Brigadier Zinn wearing the old uniform at the head of the OFF 1st Infantry in 1843.
Between the end of the Origawn War and the outbreak in 1875 of the Intervention, the first of a series of wars now known collectively as the Twenty Year's War, Oberhilse  went through a tumultuous time which included the over throw of  the Oligarchy and the Declaration of the Republic of Oberhilse. Brigadier Zinn was one of those military officers who did their duty and stayed out of politics. The result was that he maintained his position but lost favour with the new government and with favour, all chance of promotion. 

Thus it was that at the outbreak of War, mere months before his 50th birthday, he found himself  once again marching to battle at the head of the Oberhilse First Infantry Brigade.  "Hooray for Papa Zinn!" was the cry in the streets and in the papers.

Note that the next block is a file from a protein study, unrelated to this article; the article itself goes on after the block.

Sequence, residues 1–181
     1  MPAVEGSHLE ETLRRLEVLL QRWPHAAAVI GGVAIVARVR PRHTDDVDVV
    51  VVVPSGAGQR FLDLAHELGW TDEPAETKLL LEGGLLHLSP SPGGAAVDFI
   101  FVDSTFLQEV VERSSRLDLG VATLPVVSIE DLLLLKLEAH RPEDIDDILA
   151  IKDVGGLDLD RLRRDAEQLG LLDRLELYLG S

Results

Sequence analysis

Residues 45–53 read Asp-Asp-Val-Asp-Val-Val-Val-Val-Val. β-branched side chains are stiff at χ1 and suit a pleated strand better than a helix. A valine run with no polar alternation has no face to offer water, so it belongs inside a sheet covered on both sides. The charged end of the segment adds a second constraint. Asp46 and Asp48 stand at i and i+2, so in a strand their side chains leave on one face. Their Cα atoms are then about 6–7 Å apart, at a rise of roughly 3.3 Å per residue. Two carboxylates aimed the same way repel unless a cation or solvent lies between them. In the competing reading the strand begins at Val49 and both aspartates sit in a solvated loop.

PS. It has come to my attention that Brigadier Zinn had a son George who followed in his foot steps in the Oberhilse Artillery as can be seen here

"Hallo young George, come up for the races have you? Well, I suppose I should be calling you Lieutenant Zinn now shouldn't I? congratulations on graduating young man. and smartly turned out too. What's this nonsense in the papers about this so called service dress? Why, when your daddy and I campaigned in the Origawn Territory, we did so with boots properly blacked and brass shining. No batman worth his salt would have let it be otherwise."

Tuesday, April 28, 2015

Finishing Up. A Battle Report.

The sun was already high in the sky when General Turner stopped by Molly with her mule full of Mussels and Kegs of Rum. Satisfied that she was as good for the men as any Field Hospital, he pressed on up the hill and surveyed the Old Enemy. 

As the Royals prepared to storm the town a sudden pre-emptive strike by the 1st Infantry sent them reeling back.  The Light Horse have dismounted behind cover and their rifles have already inflicted a hit on the Dragoons. A rogue rocket that veered right came very near to inflicting another!
 (
Red dots mark where Red suffered a loss, Blue's losses are marked by umhmm ..
Green.. dots)